If one has Alzheimer, then one could sign up to a cryonics organisation (if not done yet) and then go to the nearest hospital to this organisation, call the organisation to tell them they will die, call the hospital telling them where they will commit suicide, and then commit suicide (by minimizing the damages to his/her brain). This will stop the Alzheimer to deteriorate their memory further and therefore having a more pleasant re-animation experience.

Note that I am not saying this is necessarily the best thing to do because I don't know what are the chances that cryonics will work, I am just saying that it would probably be a more pleasant re-animation experience.

Comment author: Mestroyer 09 November 2013 08:38:41PM 7 points [-]
Comment author: passive_fist 09 November 2013 08:56:40PM *  2 points [-]

It makes sense that Alcor would say that, to avoid getting into legal trouble.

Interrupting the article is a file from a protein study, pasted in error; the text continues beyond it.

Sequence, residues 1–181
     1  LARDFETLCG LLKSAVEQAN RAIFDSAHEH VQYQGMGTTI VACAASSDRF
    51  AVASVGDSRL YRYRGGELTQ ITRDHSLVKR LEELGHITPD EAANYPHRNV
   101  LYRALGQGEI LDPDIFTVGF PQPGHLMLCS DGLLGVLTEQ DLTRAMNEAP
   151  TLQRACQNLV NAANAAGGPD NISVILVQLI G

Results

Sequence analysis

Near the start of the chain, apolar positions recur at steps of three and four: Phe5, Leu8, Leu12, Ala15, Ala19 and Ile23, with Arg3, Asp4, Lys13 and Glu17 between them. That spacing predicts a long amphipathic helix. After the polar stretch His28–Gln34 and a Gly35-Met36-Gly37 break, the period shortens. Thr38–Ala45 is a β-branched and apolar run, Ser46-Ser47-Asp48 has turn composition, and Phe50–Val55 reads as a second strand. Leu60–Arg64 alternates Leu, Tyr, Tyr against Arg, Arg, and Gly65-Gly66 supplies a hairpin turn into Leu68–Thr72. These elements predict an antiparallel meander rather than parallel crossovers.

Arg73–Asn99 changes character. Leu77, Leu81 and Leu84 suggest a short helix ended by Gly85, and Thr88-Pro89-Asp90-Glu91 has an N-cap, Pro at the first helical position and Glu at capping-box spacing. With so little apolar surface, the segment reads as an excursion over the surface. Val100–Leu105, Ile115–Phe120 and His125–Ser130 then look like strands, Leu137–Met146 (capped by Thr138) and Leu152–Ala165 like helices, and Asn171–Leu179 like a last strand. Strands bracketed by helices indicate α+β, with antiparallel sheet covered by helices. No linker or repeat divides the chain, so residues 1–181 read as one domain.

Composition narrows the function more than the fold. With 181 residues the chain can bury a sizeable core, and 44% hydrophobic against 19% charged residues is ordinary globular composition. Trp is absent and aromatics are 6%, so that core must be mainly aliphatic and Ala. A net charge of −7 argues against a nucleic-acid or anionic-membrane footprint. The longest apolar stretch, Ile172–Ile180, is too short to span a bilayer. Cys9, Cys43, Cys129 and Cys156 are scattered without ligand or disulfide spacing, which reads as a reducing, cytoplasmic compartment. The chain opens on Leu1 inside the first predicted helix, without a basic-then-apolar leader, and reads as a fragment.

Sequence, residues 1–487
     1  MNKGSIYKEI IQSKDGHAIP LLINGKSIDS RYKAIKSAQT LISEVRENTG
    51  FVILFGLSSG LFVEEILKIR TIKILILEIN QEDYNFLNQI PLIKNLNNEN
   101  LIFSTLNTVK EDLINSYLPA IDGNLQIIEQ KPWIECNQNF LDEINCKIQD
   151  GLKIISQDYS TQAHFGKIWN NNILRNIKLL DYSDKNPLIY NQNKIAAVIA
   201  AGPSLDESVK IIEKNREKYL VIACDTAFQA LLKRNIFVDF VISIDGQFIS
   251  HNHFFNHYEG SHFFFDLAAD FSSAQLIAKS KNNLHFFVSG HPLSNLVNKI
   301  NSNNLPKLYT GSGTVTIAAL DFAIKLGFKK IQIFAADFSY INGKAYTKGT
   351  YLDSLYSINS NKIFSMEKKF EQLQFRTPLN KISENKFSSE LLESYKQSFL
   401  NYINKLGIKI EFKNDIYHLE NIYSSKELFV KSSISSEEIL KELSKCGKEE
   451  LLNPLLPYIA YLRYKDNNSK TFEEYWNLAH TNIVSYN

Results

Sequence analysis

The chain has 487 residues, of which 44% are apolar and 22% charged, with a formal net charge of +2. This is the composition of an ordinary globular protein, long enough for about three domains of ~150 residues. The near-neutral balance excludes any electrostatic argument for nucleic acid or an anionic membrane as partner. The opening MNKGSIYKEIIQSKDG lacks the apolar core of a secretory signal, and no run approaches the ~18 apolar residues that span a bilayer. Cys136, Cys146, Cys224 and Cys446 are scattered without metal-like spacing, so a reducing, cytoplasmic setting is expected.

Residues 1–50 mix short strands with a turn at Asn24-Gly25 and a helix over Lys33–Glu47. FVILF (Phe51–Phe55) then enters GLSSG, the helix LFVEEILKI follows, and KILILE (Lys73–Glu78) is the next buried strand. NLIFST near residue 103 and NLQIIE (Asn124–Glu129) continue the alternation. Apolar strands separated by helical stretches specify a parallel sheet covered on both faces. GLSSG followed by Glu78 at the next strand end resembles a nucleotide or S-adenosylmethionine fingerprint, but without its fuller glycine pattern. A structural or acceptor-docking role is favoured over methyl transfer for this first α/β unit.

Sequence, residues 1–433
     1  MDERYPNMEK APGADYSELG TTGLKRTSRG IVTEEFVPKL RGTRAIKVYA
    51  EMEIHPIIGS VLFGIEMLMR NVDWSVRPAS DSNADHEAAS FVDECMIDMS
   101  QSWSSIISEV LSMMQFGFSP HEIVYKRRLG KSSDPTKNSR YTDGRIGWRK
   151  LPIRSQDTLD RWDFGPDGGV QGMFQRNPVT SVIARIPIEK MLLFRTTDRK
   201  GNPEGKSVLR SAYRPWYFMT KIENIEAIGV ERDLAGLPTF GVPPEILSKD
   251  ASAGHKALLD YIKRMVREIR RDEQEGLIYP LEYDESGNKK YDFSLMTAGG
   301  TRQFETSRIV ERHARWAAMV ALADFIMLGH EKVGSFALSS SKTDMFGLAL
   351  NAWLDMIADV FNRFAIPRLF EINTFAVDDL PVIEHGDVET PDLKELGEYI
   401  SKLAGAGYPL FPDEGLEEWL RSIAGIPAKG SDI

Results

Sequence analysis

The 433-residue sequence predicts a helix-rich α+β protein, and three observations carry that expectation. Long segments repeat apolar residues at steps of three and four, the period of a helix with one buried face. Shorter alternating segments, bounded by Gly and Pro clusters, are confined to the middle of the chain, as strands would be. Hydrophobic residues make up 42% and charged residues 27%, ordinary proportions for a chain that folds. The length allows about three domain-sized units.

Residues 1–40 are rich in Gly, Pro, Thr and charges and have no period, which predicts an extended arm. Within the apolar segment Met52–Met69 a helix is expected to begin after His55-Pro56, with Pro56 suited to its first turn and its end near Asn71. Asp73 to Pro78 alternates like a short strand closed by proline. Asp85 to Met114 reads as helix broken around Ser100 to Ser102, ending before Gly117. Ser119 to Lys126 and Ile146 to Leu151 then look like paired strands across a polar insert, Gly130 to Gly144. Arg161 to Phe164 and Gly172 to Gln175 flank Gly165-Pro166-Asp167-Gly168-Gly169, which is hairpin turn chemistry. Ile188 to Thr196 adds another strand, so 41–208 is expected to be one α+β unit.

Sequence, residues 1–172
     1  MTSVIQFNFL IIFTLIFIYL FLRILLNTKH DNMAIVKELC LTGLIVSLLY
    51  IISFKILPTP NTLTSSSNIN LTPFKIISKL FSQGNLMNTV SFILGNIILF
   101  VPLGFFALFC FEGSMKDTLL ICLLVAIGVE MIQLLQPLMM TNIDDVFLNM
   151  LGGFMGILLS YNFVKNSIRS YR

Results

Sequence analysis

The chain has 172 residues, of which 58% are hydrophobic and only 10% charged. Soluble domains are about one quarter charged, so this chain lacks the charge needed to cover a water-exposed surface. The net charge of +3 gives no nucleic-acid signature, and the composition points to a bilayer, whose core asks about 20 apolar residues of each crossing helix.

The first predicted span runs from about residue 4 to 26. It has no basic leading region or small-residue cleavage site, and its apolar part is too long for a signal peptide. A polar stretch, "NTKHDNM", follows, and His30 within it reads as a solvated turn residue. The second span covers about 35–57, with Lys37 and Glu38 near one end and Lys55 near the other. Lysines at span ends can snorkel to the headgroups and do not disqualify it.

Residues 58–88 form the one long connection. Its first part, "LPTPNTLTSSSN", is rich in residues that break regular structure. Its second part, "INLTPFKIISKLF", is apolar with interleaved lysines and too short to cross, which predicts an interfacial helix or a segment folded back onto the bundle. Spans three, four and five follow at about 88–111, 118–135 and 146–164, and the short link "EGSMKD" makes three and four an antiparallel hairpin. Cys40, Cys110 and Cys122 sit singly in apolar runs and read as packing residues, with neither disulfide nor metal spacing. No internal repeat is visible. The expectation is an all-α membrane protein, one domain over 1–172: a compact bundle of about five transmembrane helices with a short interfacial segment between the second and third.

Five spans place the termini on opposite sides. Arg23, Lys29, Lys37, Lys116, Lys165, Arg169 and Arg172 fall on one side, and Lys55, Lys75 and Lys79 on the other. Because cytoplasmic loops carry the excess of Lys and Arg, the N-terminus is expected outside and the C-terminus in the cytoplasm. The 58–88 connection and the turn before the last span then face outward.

Comment author: Mestroyer 09 November 2013 09:26:37PM 2 points [-]

If you actually could commit what is legally considered suicide and not have your brain damaged in an autopsy, why would Alcor advocate VSED? Why not just let people figure it out for themselves? Or hinted at suicide in a non-explicit, non-illegal way? VSED strikes me as the last thing you would ever advocate if you were just interested in PR.

Comment author: passive_fist 09 November 2013 09:55:35PM 1 point [-]

They already had people who did VSED and it didn't get into any legal trouble. However, they had three cases of assisted death which caused some controversy, see http://en.wikipedia.org/wiki/Alcor_Life_Extension_Foundation#Controversies